So what’s the idea?
The Russians had many emptied prisons at the time, unemployed guards and soldiers, and the US had millions in prison. The rent in Russia was low, as were the salaries. In the US prisons and guards are expensive, keeping one prisoner in jail per year amounting now to about $40-$50K (back then to $25K). The trade would bring far more than monetary benefits. Since, I did not expect the expansion of businesses to happen as quickly as believers in “shock therapy” did, the opportunities for a large number of specialized, unemployed military and prison guards appeared slim. Preventing the temptation of supporting adventurous politicians promising policies which would have once again favor their employment seemed a clear and present danger: I had historical events to back me then up on this. Unfortunately events since 1992 added to the historical observations: the let-to-be unemployed Iraq army and pro-forma Baath bureaucracy (whose members were as much Baathists as the Russian bureaucracy was “communist,” meaning no believers, really), being one. A second is Mexico, where victims’ accounts indicate a majority in its army of criminals are either present or former police officers, as the country is unable to put its house in order.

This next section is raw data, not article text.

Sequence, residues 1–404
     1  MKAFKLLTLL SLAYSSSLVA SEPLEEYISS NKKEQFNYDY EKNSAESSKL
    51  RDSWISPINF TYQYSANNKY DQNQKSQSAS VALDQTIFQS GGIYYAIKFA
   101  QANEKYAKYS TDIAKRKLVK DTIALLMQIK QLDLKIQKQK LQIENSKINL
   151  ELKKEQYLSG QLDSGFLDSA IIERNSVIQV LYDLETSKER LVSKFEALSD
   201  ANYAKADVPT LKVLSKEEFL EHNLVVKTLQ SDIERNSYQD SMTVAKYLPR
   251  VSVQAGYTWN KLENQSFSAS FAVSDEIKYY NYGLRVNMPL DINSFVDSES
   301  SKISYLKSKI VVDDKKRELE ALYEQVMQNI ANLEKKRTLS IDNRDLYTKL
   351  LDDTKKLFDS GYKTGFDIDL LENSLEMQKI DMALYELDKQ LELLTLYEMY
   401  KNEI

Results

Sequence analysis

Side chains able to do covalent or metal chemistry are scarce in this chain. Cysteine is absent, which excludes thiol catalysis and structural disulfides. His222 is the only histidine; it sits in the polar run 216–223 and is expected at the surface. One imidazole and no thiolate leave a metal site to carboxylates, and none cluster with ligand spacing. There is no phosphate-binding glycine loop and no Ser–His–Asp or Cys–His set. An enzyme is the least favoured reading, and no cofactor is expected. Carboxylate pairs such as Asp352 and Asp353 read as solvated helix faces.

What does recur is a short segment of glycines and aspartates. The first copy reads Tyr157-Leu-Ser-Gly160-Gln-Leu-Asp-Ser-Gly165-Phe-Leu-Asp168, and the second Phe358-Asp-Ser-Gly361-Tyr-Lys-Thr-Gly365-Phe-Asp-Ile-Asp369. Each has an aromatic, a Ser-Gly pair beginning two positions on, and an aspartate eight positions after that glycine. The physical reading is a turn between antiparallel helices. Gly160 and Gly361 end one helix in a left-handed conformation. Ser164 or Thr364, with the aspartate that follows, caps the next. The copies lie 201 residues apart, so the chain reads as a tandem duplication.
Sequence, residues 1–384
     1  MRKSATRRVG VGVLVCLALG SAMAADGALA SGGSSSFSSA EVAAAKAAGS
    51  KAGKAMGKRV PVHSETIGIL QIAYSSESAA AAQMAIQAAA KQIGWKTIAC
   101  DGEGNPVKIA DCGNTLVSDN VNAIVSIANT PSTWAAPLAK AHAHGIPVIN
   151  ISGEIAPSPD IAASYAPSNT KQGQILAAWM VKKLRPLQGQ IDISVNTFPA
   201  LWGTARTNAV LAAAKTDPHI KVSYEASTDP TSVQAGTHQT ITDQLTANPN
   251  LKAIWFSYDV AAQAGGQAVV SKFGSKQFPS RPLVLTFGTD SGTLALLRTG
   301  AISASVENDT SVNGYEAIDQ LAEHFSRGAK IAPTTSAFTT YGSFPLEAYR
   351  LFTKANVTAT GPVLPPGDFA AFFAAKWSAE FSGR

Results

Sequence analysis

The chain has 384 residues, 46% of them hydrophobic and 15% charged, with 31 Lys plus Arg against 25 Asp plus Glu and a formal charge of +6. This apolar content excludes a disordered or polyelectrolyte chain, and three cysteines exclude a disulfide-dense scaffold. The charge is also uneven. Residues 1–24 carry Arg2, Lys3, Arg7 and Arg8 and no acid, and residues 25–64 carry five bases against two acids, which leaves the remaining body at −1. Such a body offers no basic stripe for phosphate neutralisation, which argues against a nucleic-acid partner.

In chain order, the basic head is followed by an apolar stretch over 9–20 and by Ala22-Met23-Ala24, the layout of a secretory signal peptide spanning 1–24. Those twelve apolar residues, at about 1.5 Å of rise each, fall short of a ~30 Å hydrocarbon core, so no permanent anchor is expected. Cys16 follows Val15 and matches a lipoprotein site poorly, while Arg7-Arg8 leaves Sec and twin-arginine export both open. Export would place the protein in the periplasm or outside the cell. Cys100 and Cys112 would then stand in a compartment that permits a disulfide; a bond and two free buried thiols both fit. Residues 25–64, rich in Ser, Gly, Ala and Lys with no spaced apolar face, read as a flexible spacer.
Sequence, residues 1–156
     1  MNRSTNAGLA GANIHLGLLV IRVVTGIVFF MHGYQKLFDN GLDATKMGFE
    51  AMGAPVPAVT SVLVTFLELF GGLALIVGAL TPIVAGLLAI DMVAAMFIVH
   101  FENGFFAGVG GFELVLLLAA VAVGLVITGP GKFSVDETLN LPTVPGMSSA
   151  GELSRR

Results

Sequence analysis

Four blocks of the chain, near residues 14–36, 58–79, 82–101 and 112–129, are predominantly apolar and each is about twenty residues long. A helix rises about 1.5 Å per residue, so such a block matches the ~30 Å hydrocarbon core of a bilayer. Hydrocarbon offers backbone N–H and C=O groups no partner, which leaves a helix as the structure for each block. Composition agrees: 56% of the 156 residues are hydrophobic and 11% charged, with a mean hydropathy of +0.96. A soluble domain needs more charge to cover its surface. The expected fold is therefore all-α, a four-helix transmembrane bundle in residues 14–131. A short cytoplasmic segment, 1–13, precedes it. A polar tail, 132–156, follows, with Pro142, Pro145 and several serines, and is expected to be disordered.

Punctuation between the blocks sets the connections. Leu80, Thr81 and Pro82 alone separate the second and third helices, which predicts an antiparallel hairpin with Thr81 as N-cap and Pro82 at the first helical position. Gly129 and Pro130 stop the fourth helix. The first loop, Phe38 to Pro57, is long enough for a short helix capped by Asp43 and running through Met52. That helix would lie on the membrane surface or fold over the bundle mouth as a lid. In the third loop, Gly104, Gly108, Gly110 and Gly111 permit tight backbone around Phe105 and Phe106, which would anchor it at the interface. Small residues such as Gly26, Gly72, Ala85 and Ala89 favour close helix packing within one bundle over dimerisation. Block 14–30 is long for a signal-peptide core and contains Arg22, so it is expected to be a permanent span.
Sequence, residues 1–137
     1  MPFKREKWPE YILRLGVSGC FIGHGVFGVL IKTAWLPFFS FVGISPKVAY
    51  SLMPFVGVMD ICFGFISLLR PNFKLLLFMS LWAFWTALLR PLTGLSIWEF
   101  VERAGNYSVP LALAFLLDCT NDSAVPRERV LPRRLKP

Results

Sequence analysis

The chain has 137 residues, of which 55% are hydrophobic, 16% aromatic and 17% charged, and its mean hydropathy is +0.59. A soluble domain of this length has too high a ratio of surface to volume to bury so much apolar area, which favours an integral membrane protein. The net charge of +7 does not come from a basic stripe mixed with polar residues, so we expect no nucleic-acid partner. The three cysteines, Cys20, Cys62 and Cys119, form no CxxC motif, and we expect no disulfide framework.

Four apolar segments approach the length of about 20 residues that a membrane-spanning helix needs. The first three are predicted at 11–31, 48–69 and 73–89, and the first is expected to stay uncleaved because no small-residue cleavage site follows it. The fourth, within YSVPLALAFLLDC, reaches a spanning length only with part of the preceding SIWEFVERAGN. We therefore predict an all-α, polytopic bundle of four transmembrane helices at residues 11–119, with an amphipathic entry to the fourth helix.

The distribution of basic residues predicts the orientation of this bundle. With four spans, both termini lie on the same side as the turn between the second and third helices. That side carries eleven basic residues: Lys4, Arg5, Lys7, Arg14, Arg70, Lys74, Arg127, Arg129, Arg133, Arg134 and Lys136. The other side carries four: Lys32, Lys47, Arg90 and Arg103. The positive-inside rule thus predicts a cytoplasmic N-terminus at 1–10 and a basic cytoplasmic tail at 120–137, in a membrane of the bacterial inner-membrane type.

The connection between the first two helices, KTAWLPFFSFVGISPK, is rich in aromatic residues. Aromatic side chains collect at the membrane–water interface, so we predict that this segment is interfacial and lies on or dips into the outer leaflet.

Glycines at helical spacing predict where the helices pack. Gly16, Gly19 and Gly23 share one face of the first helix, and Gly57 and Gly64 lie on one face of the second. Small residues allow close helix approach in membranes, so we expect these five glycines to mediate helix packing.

Let us look more closely at numbers and then at possible objections against such trade in prisons, detention centers, prisoners and potential asylum seekers.